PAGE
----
I often hear complaints about, “Why can’t people just use common sense?” In moments of impatience or frustration, I share those complaints. However, common sense depends upon a universal understanding of behaviors, words, and things. The question we are actually asking in our desire for common sense is, “Why don’t people respond to this the way that I do?”
Many among us would be eager to point to their open-mindedness, interest, and curiosity about people who see things differently. Many share the value of inclusion and believe that new experiences are what make life rich and full. Those same open-minded individuals might be quick to scoff or belittle those who have less stomach for the unknown or unfamiliar. Yet, if we return to the point that shared cultural symbols ensured human survival and created civilization, we may be able to acknowledge that deconstruction, interrogation, even poking fun at these symbols will have actual, lived consequences for a given society. We can always develop new ones, but there will be a hole in the fabric of what ties us together, at least temporarily. Whether we view these consequences as a mechanism of progress or destruction likely rests on how comfortable we are within the current environment.
Symbolism and the American Flag
This past Saturday night, President-elect Biden held a victory party in Delaware. American flags festooned this event, small flags were handed out to children, and many adults wore necklaces, glasses, or t-shirts decorated in red, white, and blue. Annie Linskey from The Washington Post wrote an article about this display and interviewed attendees about what it meant to see the flag positioned with such prominence. Some attendees responded that Donald Trump’s behavior had made them reluctant to show national pride for the past few years. One woman commented that the Biden victory event made her feel like the flag would once more stand for unity.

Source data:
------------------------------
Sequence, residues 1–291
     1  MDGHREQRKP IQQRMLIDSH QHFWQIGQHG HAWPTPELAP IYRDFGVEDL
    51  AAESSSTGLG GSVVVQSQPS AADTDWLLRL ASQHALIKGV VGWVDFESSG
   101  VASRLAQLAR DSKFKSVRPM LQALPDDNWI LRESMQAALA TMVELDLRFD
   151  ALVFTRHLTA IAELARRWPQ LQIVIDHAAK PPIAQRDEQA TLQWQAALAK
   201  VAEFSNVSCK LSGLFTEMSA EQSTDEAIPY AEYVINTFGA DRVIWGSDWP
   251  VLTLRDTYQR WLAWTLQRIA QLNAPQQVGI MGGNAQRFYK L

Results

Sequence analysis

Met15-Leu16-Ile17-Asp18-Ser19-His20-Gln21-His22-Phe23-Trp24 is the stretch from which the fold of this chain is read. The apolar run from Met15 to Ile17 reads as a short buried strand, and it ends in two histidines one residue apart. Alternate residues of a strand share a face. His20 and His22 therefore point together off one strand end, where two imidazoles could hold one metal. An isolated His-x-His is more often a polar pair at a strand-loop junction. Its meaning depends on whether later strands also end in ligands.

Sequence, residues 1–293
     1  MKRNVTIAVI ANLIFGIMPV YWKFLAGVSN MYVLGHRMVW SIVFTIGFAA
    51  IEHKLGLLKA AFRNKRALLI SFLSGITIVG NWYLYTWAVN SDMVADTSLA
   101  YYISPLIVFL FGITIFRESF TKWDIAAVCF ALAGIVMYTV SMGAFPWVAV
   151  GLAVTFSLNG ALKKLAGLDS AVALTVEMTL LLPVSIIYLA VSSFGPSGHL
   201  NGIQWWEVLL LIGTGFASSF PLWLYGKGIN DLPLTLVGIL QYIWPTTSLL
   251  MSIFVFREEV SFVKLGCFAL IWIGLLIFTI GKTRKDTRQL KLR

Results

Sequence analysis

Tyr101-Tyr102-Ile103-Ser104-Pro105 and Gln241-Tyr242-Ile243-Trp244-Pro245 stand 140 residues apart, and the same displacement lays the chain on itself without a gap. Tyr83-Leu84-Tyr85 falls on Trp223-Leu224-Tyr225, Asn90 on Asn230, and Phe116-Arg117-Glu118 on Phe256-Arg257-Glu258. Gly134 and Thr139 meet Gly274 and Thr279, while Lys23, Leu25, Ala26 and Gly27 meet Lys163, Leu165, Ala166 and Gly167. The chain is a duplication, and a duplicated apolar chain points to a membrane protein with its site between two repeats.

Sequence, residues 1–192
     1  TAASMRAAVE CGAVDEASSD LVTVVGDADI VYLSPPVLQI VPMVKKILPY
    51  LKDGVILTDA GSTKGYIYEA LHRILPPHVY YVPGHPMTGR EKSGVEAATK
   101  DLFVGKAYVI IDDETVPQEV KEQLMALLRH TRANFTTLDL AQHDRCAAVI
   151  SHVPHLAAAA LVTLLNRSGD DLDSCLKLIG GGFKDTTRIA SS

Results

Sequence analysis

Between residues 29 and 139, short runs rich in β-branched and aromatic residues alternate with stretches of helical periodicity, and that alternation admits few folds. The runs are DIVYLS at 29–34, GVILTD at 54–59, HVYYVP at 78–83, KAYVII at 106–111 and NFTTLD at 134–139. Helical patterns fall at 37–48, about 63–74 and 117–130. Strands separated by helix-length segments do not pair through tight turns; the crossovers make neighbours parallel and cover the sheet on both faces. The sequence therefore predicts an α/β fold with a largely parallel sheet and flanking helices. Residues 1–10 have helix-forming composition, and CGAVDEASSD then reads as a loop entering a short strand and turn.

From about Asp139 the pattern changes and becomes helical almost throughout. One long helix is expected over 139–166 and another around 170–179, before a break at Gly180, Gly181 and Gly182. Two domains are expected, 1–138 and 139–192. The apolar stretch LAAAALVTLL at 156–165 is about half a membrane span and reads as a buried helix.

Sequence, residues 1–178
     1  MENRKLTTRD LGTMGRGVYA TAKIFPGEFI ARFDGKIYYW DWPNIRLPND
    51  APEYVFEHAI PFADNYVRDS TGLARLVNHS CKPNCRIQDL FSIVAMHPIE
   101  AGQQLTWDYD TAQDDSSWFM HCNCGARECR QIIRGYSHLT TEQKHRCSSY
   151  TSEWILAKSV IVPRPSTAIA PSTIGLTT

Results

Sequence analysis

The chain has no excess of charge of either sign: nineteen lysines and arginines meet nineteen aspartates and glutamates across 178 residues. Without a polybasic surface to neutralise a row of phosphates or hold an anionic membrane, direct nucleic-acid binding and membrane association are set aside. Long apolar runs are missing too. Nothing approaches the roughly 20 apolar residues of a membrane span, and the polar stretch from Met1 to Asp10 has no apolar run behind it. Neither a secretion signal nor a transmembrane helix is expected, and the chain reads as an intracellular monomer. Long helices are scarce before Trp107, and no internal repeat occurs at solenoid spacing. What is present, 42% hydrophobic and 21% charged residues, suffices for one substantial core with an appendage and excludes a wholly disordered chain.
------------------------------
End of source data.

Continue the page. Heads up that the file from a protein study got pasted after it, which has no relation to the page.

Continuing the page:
Linskey noted that under the Trump administration, the American Flag seemed to become a proprietary symbol of Trump supporters. Trump threatened jail time and loss of citizenship to those who did not respect the flag appropriately. He condemned football player Colin Kaepernick for kneeling in protest during the National Anthem at NFL games and made a display of hugging and kissing the flag at a CPAC event. His rallies were frequently attended by supporters in flag-themed clothing, hats, and accessories. Attendees expressed or seemed to feel that this was an appropriate and normative display of true patriotism. Somewhat ironically, the Department of Defense issues a set of rules around the American flag’s proper display including that it should not be used as apparel.
Symbolism in art, culture and American society
In 1989, the visual artist Dread Scott titled an installation piece, “What is the Proper Way to Display a U.S. Flag?” In this piece, a photograph of South Korean students burning an American flag is situated above a photo of flag-draped coffins on a troop transport. Below the photograph is a notebook where the public is invited to share their response to these pictures. Beneath this notebook, placed on the floor is an American flag. Those participating are permitted to stand on the flag as they write. This installation provoked a national response, including presidential condemnation and a series of actions that ultimately resulted in a landmark Supreme Court decision of the first amendment that did not permit patriotism to be mandatory. In his TED talk, Scott opens the segment by stating, “I don’t accept the economic foundation, social relations, or governing ideas of The United States.” He is honest about wanting social change and happy that his work catalyzed a response that prevents the government from requiring citizens to respond to their country in a prescribed way.